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How do our current stories shape us

Page history last edited by PBworks 13 years, 2 months ago

How do our current stories shape us? 

 

Wisdom from Christina Baldwin

 

Story opens up a space between people that is unbound from the reality we are standing in. Our imaginative ability to tell a story, and our empathetic ability to receive a story, can take us anywhere and make it real. In the act of telling a story, we create a world we invite others into. And in the act of listening to a story, we accept an invitation into experiences that are not our own, although they seem to be. Story weaves a sense of familiarity. We are simultaneously listening to another's voice and traveling our own memories. We are looking for connectors, making synaptic leaps linking one variation of human experience to another.

--Christina Baldwin, Storycatcher, 7

 

 

Not every word that comes out of our mouths is a story. Story is narrative. Words are how we think; narrative is how we link. Story takes life events and combines what's happening with all our thoughts, feelings, and reactions. And all these elements combine inside story into sense making. Story is the sweet nectar of language. Story is the crystallizing of thought, turning it into something digestible, sweet on the heart, even when the details are hard to bear.

--Christina Baldwin, Storycatcher, 10

 

 

There are seven billion story-filled people in the world: all of us talkers, all of us listeners. We live in a breadth of conditions almost unimaginable to each other. Yet if we can find a common language in which to communicate, we can find the commonality in who we are. Embedded in the narrative of our lives are common human values, impulses, and longings.

--Christina Baldwin, Storycatcher, 12

 

 

It takes courage to tell our stories. It takes belief that our stories will be received and held in respect. It requires that some mechanism is alive and structured in the community around us to hold who we are individually in the context of who we are collectively. As long as we share our stories, as long as our stories reveal our strengths and vulnerabilities to each other, we reinvigorate our understanding and tolerance for the little quirks of personality that in other circumstances would drive us apart. When we live in a family, a community, a country where we know each other's true stories, we remember our capacity to lean in and love each other into wholeness.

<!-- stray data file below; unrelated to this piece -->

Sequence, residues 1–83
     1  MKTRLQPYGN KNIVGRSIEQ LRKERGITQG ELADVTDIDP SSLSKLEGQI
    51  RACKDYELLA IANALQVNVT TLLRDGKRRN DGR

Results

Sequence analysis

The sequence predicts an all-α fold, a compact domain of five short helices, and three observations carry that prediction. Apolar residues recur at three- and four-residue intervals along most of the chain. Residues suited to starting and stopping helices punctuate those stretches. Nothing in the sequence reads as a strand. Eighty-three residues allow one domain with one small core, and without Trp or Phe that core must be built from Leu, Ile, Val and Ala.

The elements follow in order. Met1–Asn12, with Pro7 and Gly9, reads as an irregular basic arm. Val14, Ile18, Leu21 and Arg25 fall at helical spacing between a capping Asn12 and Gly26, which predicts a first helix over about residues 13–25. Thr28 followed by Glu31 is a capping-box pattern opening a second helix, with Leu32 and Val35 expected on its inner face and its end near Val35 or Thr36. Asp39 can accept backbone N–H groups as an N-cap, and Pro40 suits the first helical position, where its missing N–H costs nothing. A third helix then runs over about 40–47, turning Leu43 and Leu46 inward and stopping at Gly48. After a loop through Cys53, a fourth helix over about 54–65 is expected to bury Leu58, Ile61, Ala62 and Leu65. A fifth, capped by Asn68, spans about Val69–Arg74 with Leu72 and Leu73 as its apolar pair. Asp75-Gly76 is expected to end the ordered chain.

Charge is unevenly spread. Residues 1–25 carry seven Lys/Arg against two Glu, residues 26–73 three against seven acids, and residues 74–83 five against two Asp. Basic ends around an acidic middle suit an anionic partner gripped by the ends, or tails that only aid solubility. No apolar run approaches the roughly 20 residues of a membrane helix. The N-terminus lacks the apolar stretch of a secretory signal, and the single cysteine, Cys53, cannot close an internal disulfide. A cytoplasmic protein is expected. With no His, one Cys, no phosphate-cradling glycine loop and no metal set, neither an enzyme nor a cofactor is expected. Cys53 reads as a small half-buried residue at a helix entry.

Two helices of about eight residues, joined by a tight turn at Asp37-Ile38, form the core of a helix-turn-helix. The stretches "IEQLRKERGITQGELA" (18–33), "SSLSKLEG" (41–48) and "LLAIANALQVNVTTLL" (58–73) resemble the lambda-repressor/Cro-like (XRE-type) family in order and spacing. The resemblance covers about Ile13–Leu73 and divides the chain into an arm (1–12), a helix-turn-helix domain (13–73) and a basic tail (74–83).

--Christina Baldwin, Storycatcher, 18

 

As soon as our ancestors began to talk, we began making the social container that would hold what we had to say. We gathered around the campfire and practiced speaking and listening. We literally grew our mental capacity by putting our thoughts into stories. We delighted and entertained and informed and inspired and socialized and governed and worshipped through story. Today, the deterioration of that understanding in dominant culture, and the obliteration of that understanding in indigenous culture, are two of the greatest threats humanity faces. We require story in order to link our lives with each other. Story couples our experiences, mind to mind and heart to heart. Story is the electromagnetic conductor that brings us close enough together to make the leap of association and identification, to see that another person is a variation of ourselves. We are in grave danger if we lose our link to our own stories.

--Christina Baldwin, Storycatcher, 19-20

 

 

Those who would control the ear in the heart understand that if people truly discover each other, we will make a million circles and sit down and laugh and cry at our commonalities. And then we will not be so easily led to fight wars.. We will not so unconsciously exploit other people's lives in order to make our own lives more comfortable. We will not be confused by the manipulation of half-truths and lies. Story is a component in what we will make of the world.